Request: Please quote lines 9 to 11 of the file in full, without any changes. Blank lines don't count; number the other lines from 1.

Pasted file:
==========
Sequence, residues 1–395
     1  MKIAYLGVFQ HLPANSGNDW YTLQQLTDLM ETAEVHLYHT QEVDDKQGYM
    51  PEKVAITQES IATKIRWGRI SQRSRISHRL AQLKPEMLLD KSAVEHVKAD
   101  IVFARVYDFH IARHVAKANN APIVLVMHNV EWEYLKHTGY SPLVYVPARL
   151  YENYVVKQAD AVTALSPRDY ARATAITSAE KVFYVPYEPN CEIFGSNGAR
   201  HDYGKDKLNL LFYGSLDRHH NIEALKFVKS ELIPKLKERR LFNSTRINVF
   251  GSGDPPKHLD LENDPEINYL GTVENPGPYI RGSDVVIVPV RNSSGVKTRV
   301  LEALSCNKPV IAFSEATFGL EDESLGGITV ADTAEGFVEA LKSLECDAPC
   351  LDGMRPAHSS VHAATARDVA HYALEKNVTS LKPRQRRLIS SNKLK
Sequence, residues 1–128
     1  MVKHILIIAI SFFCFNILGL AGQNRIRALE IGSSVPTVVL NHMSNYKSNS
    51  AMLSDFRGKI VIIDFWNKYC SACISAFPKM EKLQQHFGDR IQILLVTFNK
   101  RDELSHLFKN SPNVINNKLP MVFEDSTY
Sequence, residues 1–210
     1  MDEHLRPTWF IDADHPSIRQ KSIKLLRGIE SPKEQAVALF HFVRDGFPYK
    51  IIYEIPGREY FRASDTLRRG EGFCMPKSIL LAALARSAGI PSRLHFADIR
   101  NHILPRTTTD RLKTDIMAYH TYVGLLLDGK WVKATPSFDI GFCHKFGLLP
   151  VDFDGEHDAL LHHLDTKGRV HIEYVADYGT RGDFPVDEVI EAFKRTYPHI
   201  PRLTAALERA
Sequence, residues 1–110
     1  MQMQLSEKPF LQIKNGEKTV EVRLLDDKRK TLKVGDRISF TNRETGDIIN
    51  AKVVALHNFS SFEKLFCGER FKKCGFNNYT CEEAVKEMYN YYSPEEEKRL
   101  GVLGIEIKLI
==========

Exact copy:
   351  LDGMRPAHSS VHAATARDVA HYALEKNVTS LKPRQRRLIS SNKLK
Sequence, residues 1–128
     1  MVKHILIIAI SFFCFNILGL AGQNRIRALE IGSSVPTVVL NHMSNYKSNS